Brief Introduction to RO(C2)-graded cohomology

Representation spheres

For \(\small{G =C_2}\), the cyclic group of order two, any real representation \(\small{V}\) decomposes as \[V \cong \mathbb{R}^{p,q} = (\mathbb{R}_{\text{triv}})^{\oplus p-q} \oplus (\mathbb{R}_{\text{sgn}})^{\oplus q}\] where \(p\) is the topological dimension of \(\small{V}\) and \(q\) is the weight or twisted-dimension. We write \(\small{S^V = S^{p,q}}\) for the representation sphere given by the one-point compactification of \(\small{V}\). Below are some low-dimensional examples. Here \(\small{S^{1,1}}\) and \(\small{S^{2,1}}\) have the \(\small{C_2}\)-action given by reflection across an equator and \(\small{S^{2,2}}\) has the \(\small{C_2}\)-action given by rotation about the axis through the north and south poles.

For any virtual representation \(\small{V}\) and \(\small{C_2}\)-space \(\small{X}\), we write \(\small{H^{p,q}(X;\underline{\mathbb{F}_2})}\) for the \(\small{RO(C_2)}\)-graded cohomology of \(\small{X}\) with coefficients in the constant \(\small{\mathbb{F}_2}\)-valued Mackey functor.

The cohomology of a point

The bigraded cohomology of a point with the trivial action \(\small{\mathbb{M}_2 = H^{*,*}(pt;\underline{\mathbb{F}_2})}\) is depicted below. A more detailed depiction is on the left, though it is often easier to work with the more succinct version on the right. Here every lattice point inside the cones represents a copy of \(\small{\mathbb{F}_2}\). There are unique nonzero elements \(\small{\rho \in H^{1,1}(pt)}\) and \(\small{\tau \in H^{0,1}(pt)}\). The top cone of \(\small{\mathbb{M}_2}\) is the polynomial ring \(\small{\mathbb{F}_2[\rho,\tau]}\). The bottom cone has a unique nonzero element \(\small{\theta \in H^{0,-2}(pt)}\), which is infinitely divisible by both \(\small{\rho}\) and \(\small{\tau}\), and satisfies \(\small{\theta^2=0}\).


For any \(\small{C_2}\)-space \(\small{X}\), there is always an equivariant map \(\small{X \to pt}\). This makes the \(\small{RO(C_2)}\)-graded cohomology \(\small{H^{*,*}(X;\underline{\mathbb{F}_2})}\) into a bigraded \(\small{\mathbb{M}_2}\)-module. For example, let \(\small{S^n_a}\) be the \(n\)-dimensional sphere with the antipodal action. Its cohomology as an \(\small{\mathbb{M}_2}\)-module is shown below. Again a more detailed depiction is on the left and a more succinct version is on the right. Diagonal lines represent multiplication by \(\small{\rho}\) and vertical lines represent multiplication by \(\small{\tau}\). As an \(\small{\mathbb{M}_2}\)-module \(\small{H^{*,*}(S^n_a)} \cong \mathbb{F}_2[\tau,\tau^{-1},\rho]/(\rho^{n+1})\).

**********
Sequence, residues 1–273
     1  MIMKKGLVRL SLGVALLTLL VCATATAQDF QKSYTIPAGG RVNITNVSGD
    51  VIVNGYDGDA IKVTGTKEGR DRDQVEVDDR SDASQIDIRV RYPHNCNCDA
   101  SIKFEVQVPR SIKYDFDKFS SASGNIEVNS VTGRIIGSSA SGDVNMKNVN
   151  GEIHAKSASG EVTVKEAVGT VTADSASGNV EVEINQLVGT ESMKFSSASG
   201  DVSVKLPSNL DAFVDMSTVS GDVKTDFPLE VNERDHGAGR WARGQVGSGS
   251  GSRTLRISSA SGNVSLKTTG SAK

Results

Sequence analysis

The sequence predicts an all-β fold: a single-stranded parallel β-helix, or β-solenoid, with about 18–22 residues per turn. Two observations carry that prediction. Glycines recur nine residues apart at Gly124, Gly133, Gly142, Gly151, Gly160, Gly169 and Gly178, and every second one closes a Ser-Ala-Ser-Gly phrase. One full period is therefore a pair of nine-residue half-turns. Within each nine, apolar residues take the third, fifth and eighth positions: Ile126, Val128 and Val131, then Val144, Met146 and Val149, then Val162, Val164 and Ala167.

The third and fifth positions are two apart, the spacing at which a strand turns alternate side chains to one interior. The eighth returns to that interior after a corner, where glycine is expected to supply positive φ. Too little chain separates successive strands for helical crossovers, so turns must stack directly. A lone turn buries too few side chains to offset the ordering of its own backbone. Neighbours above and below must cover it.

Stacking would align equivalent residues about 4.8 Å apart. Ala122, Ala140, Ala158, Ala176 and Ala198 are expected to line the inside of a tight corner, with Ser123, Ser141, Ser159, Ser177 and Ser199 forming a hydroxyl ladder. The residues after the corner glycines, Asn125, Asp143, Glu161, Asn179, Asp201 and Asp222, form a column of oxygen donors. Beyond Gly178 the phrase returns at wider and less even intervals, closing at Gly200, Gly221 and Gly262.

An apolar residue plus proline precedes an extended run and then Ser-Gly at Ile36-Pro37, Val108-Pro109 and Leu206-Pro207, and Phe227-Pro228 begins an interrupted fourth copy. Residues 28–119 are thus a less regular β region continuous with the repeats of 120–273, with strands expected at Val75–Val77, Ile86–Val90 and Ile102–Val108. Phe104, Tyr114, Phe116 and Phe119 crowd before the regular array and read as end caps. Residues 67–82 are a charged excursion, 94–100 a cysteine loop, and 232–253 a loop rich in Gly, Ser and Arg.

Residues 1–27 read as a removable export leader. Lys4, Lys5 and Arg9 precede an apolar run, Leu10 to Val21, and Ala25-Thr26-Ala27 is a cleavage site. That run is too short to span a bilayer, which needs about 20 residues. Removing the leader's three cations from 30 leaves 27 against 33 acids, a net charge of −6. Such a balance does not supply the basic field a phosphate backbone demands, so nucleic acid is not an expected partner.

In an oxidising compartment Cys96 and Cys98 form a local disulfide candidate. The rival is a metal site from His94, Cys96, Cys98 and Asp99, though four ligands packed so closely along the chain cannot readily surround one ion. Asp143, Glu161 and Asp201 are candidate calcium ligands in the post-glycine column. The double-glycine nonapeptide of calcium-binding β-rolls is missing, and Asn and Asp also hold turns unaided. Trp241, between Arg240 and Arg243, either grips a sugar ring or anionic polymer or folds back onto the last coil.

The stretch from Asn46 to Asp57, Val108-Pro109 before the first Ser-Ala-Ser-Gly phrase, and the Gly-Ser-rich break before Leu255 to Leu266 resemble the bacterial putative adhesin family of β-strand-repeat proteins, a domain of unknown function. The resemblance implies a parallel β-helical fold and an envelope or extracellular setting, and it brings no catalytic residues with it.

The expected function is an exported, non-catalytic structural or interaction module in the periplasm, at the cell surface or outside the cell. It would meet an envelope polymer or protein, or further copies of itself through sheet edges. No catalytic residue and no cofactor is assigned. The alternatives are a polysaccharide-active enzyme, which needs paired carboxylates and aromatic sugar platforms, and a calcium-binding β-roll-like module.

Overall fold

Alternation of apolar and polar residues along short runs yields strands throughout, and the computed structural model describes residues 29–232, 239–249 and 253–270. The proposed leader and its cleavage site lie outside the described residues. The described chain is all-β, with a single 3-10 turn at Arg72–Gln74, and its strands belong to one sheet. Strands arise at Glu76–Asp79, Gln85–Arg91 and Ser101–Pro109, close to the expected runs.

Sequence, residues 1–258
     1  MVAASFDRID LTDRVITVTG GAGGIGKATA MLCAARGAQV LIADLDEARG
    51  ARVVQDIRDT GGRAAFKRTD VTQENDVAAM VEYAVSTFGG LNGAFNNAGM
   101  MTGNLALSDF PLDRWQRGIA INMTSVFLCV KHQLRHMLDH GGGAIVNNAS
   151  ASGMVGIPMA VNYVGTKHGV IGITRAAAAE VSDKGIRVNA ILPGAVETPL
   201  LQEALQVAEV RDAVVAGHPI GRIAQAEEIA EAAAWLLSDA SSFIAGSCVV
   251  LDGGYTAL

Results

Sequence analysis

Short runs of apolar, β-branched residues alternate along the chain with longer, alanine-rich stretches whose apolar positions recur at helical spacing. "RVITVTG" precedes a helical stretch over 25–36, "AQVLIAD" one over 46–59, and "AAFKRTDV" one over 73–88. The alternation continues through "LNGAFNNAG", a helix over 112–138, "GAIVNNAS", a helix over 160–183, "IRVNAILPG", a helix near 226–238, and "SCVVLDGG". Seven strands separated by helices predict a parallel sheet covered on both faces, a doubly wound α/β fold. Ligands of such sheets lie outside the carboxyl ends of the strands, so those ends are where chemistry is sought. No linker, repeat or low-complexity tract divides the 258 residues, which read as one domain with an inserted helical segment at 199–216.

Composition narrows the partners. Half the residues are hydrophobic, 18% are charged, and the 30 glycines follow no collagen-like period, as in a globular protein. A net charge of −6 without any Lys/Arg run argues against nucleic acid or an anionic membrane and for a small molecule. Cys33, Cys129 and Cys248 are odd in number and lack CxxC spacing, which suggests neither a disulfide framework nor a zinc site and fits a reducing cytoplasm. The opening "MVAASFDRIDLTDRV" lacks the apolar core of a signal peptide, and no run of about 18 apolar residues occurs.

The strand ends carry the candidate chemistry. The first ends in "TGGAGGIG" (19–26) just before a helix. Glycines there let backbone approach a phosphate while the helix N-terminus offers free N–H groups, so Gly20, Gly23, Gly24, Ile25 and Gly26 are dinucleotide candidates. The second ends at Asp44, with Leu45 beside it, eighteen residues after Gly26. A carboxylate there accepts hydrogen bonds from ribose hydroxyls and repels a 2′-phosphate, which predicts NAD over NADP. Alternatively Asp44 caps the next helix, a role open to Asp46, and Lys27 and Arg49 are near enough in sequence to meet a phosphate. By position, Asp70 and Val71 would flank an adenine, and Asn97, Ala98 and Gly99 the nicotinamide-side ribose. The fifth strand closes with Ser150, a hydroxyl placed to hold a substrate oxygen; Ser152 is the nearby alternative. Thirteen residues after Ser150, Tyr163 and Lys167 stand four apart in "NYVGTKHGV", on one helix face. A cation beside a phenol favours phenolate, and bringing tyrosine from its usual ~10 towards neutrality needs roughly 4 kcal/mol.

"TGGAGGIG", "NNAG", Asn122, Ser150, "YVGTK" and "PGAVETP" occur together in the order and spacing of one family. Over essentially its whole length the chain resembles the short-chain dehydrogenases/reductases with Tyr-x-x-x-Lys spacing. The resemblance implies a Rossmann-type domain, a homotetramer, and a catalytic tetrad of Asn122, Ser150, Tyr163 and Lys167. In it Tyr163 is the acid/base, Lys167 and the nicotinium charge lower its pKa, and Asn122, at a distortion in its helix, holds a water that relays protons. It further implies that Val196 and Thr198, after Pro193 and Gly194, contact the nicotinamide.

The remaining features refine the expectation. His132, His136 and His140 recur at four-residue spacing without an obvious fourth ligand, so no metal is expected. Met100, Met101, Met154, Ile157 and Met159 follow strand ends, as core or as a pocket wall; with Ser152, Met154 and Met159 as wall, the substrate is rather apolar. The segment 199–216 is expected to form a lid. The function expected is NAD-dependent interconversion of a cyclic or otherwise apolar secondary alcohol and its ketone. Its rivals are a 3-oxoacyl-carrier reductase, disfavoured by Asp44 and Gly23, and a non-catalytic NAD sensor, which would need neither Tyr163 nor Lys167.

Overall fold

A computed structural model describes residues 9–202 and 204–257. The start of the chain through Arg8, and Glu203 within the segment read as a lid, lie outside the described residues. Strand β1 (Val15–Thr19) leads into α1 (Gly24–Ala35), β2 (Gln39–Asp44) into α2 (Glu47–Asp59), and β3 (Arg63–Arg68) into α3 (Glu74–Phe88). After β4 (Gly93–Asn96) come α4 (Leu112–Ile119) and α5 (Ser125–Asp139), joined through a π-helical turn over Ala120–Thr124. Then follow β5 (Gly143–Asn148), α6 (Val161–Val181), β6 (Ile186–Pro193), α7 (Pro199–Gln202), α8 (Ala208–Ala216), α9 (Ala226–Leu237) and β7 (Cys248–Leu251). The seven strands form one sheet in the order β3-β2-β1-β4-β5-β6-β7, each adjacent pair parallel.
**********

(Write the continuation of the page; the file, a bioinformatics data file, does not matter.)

Up to equivariant isomorphism, there are six \(\small{C_2}\)-actions on the genus one torus. Their cohomologies as \(\small{\mathbb{M}_2}\)-modules are depicted below. These computations were joint work with Eric Hogle.

Geometric representations

There are nice geometric representations of the elements \(\small{\rho}\), \(\small{\tau}\), and \(\small{\theta}\). By a theorem of dos Santos, we can represent \(\small{H^{p,q}(-;\underline{\mathbb{F}_2})}\) by \(\small{K({\underline{\mathbb{F}_2}(p,q)) \simeq \underline{\mathbb{F}_2}\langle S^{p,q} \rangle}}\). This is the usual Dold-Thom model of configurations of points on the representation sphere \(\small{S^{p,q}}\) with labels in \(\small{\mathbb{F}_2}\). The basepoint in this model is a sink-source and when points collide their labels add. Both \(\small{\rho}\) and \(\small{\theta}\) factor as

where \(\small{\iota}\) is the canonical map sending each point \(\small{x}\) to the configuration \(\small{[x]}\). Here \(\small{\tilde{\rho}}\) is the inclusion of the fixed-set, which is depicted below.

The map \(\small{\tilde{\theta}}\) is the quotient map. Finally, the element \(\small{\tau}\) can be viewed as a map \(\small{S^{1,0} \to \mathbb{F}_2\langle S^{1,1} \rangle}\). In particular, \(\small{\tau}\) can be viewed as a loop in the fixed set of \(\small{\mathbb{F}_2\langle S^{1,1} \rangle}\) as demonstrated by this animation. The animation shows two particles that leave the sink-source, travel symmetrically around \(\small{S^{1,1}}\), and then collide and disappear.